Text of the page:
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Cravat Bandage for Arm or Leg

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Cravat Bandage for Arm or Leg.-The width of the cravat you use will depend upon the extent and area of the injury. For a small area, place a compress over the wound, and center the cravat bandage over the compress. Bring the ends around in back, cross them, and tie over the compress. For a small extremity, it may be necessary to make several turns around to use all the bandage for tying. If the wound covers a larger area, hold one end of the bandage above the compress and wind the other end spirally downward across the compress until it is secure, then upward and around again, and tie a knot where both ends meet. Figure 3-22 shows the proper application of a cravat bandage for the arm, forearm, leg, or thigh.

Cravat Bandage for Axilla (Armpit).-This cravat is used to hold a compress in the axilla. It is similar to the bandage used to control bleeding from the axilla. Place the center of the bandage in the axilla over the compress and carry the ends up over the top of the shoulder and cross them. Continue across the back and chest to the opposite axilla, and tie them. Donot tie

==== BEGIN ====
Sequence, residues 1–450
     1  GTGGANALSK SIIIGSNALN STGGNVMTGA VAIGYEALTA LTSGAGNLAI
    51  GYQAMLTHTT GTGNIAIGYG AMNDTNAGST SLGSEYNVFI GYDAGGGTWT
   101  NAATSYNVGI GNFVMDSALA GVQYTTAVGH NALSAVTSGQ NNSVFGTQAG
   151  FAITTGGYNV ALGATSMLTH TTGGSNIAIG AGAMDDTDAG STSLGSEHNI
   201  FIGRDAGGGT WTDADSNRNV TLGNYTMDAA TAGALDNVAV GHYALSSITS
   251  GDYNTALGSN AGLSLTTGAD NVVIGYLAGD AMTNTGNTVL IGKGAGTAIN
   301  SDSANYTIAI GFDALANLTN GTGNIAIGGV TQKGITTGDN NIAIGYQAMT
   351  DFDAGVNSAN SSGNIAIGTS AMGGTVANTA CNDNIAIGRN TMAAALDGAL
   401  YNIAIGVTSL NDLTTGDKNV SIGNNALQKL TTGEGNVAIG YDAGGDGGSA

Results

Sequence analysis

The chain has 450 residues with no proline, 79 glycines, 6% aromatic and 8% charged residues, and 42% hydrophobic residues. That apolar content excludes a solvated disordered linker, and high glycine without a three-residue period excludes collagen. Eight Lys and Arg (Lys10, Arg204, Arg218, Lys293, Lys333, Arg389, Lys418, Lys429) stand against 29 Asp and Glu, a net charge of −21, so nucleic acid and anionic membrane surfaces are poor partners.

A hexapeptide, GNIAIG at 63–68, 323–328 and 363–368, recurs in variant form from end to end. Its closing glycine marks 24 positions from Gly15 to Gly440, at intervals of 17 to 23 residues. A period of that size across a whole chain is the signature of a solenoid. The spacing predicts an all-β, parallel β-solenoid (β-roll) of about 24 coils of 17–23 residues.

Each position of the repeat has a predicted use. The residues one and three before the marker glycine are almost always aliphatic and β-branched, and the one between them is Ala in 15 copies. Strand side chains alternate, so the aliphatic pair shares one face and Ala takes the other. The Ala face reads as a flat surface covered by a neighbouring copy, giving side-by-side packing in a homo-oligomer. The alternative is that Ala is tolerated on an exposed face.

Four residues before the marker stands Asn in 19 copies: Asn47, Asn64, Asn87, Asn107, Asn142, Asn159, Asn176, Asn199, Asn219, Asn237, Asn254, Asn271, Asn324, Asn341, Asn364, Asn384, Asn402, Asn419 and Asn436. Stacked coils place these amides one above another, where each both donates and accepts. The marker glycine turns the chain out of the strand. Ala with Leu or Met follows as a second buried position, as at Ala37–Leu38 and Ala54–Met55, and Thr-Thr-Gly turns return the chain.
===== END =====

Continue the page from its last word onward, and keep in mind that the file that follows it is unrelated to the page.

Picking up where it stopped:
Figure 3-19.-Cravat bandage for the eye.

Figure 3-20.-Cravat (Modified Barton) bandage for the temple, cheek, or ear.

too tightly or the axillary artery will be compressed, adversely affecting the circulation of the arm. Figure 3-23 shows the proper application of a cravat bandage for the axilla.

BATTLE DRESSING
A battle dressing is a combination compress and bandage in which a sterile gauze pad is fastened to a gauze, muslin, or adhesive bandage (fig. 3-24). Most Navy first aid kits contain both large and small battle dressings of this kind.



   


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